• Procure or create a list of works potentially copied, including dates of creation, publication, renewal/extension, grant termination notification and grant termination, if applicable (to make sure the rights have not fallen into the public domain and in fact the chain of title supports the plaintiff's standing to make a claim)
  • Obtain a copy of the infinged work(s) that were potentially copied (besides understanding what category of work(s) were copied, it may be useful later, in investigating whether the nature of an infringement was willful, to note whether the original work bore any copyright notices)
  • Examine examples of the potentially infringing copies to identify which works were in fact copied (for example, in a musical case, were both the composition and the recording copied, or was it solely the composition which was re-recorded?)
  • Obtain copies of all available agreements covering and notices of intent to use the works potentially copied.  If the agreements were verbal, ask questions to understand the intention of the agreement and what consideration was exchanged and actions were taken to support the claims of such intentions.
  • If the agreement mentions that the work is a "work-for-hire," analyze whether the legal criteria were technically met for the work to be deemed a work for hire as defined in 17 U.S.C. § 101 (because it is not a work-for-hire merely because an agreement states so). 
  • Search the Internet to identify prior public copyright claims and uses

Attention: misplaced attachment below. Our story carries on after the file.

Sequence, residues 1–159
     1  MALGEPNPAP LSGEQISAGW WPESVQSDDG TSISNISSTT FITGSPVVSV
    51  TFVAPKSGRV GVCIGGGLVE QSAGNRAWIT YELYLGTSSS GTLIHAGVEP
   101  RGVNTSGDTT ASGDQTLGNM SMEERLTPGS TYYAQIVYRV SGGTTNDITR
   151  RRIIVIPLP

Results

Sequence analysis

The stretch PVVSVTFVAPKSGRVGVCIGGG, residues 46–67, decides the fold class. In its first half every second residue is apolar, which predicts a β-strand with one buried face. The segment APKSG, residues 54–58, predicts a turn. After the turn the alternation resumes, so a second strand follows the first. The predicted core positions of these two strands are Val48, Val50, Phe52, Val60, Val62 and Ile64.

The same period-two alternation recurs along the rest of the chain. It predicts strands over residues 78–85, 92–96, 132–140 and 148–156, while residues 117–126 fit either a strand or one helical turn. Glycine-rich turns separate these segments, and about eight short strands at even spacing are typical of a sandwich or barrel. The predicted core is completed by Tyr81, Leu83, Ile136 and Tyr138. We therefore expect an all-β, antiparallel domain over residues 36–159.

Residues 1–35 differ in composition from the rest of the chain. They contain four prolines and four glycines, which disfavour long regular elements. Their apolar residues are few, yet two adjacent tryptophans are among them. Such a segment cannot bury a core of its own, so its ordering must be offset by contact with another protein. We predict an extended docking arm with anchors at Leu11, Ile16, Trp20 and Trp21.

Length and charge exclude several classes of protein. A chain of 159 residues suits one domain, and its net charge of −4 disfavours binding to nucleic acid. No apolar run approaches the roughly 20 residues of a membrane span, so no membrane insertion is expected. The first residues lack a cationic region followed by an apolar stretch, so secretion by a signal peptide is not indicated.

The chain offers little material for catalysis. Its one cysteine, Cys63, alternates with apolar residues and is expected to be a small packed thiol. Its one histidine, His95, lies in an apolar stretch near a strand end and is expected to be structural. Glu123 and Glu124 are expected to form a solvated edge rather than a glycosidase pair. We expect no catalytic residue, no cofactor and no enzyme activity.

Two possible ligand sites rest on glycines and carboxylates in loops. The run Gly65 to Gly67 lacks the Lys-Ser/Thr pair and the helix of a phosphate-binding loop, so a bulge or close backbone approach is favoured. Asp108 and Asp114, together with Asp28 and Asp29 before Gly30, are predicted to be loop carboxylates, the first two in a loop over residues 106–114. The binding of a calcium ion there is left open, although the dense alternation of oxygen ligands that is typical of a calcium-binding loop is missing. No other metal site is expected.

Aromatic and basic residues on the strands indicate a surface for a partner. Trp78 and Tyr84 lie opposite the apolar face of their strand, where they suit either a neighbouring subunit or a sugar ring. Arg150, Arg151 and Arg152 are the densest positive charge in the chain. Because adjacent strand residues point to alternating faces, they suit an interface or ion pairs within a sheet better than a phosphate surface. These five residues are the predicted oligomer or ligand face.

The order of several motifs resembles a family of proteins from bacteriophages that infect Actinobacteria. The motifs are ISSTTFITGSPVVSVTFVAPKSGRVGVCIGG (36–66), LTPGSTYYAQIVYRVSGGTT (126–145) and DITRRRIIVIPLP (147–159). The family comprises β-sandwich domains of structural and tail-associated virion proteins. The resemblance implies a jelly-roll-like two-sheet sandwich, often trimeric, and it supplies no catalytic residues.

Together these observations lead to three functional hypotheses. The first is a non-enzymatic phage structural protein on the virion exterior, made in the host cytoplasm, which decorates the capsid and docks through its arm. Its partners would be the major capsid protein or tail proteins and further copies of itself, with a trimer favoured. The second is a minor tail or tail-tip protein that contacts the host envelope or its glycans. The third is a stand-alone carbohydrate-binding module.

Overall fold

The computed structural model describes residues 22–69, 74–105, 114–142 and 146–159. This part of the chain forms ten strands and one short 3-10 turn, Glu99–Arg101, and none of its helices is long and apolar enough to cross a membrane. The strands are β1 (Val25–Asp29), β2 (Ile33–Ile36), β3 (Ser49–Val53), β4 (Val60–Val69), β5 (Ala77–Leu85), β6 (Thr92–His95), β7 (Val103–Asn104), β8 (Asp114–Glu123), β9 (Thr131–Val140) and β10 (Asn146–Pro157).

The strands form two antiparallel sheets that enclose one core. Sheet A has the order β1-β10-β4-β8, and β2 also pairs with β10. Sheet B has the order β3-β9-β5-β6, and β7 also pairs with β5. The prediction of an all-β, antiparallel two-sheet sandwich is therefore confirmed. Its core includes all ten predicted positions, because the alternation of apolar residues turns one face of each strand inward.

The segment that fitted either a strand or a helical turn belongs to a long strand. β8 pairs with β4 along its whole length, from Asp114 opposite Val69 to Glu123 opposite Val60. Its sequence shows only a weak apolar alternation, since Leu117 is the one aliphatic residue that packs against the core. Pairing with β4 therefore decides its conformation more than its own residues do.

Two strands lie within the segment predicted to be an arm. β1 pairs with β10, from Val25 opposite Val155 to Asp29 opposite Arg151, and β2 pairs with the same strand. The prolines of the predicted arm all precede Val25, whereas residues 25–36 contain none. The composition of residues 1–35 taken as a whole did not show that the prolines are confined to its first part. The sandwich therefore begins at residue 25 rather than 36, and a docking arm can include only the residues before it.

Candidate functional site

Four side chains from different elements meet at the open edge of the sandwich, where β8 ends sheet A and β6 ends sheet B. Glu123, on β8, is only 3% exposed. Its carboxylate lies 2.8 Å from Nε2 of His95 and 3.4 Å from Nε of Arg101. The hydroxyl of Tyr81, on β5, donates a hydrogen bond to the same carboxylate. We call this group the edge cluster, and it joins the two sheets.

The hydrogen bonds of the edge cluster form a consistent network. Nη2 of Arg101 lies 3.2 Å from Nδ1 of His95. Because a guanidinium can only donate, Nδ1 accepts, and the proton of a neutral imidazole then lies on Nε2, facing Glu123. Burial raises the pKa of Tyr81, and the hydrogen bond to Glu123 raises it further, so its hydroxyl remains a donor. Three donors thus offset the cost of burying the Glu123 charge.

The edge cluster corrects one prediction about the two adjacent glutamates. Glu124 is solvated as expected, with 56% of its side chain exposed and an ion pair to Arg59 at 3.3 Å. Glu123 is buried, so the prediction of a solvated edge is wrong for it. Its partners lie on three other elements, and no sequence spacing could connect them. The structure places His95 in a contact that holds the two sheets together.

• Search for and obtain records of copyright registration, copyright grant termination notices.  In the United States, the Copyright Office this year launched the Copyright Public Records System (CPRS) pilot, which will provide enhanced search capabilities as part of its modernization efforts. To participate in the pilot program and gain access to the latest search tools, users must attend a webinar, which can be found here.

While we do frequently assist legal counsel with such investigation, there are legal experts in chain-of-title research, so this may be something best outsourced to a specialist if you are unfamilliar with it.

If you are counsel to one or more plaintiffs, list the correct entities as the plaintiffs in your complaint, including any companies owned by your client(s), which may hold some of the relevant rights. Unfortunately for plaintiffs with loan-out companies, there may be certain drawbacks if the plaintiff is an entity as opposed to an individual.

Typically, either our engagement stops here because we learn that a plaintiff has no standing to make a copyright infringement claim, or the scope of the matter multiplies if we determine that the number of works infringed was greater than the plaintiff originally identified.